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Holiday Parties Muted, or Canceled, in 2008
 

By Kathy Gurchiek  11/6/2008

Morgan Stanley is one of the latest major employers to cancel its holiday party. And on Oct. 28, 2008, ABC News informed its staff in an e-mail that it was not throwing any holiday parties in 2008—one of several steps it’s taking to reduce administrative costs—according to an article in The New York Observer.

In the face of a troubled economy, some employers are cutting out or cutting back their 2008 end-of-year celebration.

A few employers (13 percent) are cutting their party budget an average of 53 percent, according to global outplacement consultancy Challenger, Gray & Christmas Inc. Only 4.3 percent are increasing the party budget, and those increases average about 5 percent, it found in a national survey conducted in October.

The number of employers planning parties is down from 90 percent in 2007 to 77 percent in 2008, according to Challenger’s survey of 100 HR executives.

The Society for Human Resource Management, most of whose members represent small- to mid-size employers, found a steady, slight decrease in the percentage of employers offering holiday parties in the last two years.

In 2006, 87 percent offered such parties, vs. 85 percent in 2007 and 83 percent in 2008, according to SHRM’s 2008 Employee Benefits Survey Report. That’s still slightly up, though, from 81 percent in 2004 and 2005.

The New York Times reported Oct. 31, 2008, that “caterers and party planners said they were seeing cancellations—and, even more, the entertaining equivalent of a buzz cut, with simpler menus, fewer guests, shorter hours and less glamorous glassware.”

An eye to the budget is part of the reason, but something else is going on.

Dale Winston, CEO of U.S. executive search firm Battalia Winston Amrop, attributes this to a “somber” holiday mood.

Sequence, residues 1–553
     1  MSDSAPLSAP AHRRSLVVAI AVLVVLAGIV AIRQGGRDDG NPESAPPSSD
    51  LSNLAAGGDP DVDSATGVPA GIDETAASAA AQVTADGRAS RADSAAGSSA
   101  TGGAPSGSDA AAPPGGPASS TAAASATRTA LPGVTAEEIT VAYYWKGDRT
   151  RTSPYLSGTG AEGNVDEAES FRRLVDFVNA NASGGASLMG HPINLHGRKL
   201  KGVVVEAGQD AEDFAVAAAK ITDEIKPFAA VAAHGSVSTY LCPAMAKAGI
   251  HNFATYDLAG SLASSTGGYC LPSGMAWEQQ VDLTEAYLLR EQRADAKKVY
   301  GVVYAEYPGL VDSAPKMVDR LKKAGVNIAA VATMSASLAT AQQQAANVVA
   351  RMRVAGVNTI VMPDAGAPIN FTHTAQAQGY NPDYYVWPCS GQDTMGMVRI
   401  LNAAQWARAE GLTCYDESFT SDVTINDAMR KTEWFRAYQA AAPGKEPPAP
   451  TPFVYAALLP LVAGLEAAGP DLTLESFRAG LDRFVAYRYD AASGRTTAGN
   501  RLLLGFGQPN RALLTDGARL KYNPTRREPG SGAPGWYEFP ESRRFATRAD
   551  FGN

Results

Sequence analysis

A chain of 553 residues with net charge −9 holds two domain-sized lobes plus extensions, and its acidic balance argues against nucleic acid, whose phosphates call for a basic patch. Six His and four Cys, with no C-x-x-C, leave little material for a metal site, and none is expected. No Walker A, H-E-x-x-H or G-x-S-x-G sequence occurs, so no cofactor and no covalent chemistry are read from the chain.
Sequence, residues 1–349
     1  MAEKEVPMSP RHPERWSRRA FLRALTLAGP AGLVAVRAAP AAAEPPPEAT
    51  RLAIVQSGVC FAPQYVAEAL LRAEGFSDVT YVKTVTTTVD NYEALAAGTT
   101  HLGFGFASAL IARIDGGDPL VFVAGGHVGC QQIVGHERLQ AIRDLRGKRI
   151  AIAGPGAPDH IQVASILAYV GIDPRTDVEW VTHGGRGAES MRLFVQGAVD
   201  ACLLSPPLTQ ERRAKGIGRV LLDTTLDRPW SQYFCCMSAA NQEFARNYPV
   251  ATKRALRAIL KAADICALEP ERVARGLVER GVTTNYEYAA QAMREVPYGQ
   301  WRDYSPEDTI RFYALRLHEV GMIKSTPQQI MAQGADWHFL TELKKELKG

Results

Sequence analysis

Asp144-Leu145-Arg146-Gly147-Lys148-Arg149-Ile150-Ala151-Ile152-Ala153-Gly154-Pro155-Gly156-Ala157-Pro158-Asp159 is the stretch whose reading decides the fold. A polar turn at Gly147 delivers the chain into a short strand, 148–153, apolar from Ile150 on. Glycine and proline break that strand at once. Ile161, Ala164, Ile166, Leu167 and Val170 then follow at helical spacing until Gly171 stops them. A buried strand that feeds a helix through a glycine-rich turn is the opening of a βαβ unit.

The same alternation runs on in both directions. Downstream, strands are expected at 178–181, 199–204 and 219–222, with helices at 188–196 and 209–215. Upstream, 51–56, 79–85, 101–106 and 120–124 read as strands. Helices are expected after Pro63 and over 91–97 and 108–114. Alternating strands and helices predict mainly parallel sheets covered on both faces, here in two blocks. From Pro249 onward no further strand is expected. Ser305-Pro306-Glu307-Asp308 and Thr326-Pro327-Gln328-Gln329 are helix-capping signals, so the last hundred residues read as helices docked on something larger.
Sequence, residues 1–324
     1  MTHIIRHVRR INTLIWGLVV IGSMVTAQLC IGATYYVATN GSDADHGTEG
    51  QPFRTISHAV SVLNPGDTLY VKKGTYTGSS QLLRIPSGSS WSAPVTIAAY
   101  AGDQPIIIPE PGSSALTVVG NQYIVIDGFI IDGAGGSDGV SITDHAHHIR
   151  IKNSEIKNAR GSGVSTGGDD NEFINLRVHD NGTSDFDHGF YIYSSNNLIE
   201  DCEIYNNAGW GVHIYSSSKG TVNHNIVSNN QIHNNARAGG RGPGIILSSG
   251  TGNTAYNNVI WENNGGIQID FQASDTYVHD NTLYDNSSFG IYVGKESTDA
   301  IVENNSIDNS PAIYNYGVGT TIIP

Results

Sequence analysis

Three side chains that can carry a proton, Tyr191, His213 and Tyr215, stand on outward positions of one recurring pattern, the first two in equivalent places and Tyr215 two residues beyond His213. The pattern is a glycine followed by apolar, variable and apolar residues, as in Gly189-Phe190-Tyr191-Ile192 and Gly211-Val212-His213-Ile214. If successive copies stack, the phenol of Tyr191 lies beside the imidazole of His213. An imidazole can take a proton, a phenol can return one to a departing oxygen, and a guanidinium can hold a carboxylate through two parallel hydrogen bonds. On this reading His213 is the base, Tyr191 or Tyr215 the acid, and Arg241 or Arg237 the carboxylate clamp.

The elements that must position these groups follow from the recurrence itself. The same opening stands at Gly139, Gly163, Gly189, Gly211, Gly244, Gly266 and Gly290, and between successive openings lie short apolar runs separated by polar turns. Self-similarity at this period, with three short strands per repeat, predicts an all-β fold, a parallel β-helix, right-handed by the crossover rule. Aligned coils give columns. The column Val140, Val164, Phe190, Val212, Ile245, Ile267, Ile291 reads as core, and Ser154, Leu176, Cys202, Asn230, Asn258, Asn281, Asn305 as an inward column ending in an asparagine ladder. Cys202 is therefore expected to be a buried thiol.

“Over the past 20 years, the number of holiday parties has always mirrored the health of the economy,” he said in a press release. “This year we see how hard companies have been hit, especially in the financial and manufacturing industries where many companies have had to cancel parties altogether.”

Those two sectors will either host more modest parties or cancel them, vs. 85 percent of health care/pharmaceutical industries that say the economy will have no impact on their holiday party plans.

This year will hit a 20-year low in the number of corporate holiday parties held, Battalia Winston found in its survey of 108 of America’s leading businesses. Eighty-one percent of companies will conduct some type of holiday celebration in 2008, vs. 83 percent in 2001 and 82 percent during the 1991 recession.

Among those who will host a celebration, cost-cutting measures include not serving alcohol (71 percent vs. a high of 90 percent in 2000).

Challenger’s survey found that among cutbacks organizations are implementing, fewer are using a caterer or outside service—56 percent in 2008 vs. 69 percent in 2007.

“The comparative data from this year to the last is very telling,” Challenger CEO John A. Challenger said in a press release.

“The effects of the housing slump that began around August 2007 had not been fully realized when companies were planning year-end parties. With the impact of the housing collapse rippling through many sectors of the economy, we are seeing the toll on holiday parties.”

Of those organizations planning a party, Challenger’s survey also found:

    • 65 percent are limiting the party to employees.

    • 57 percent are having their party on a workday or near the end of a work day.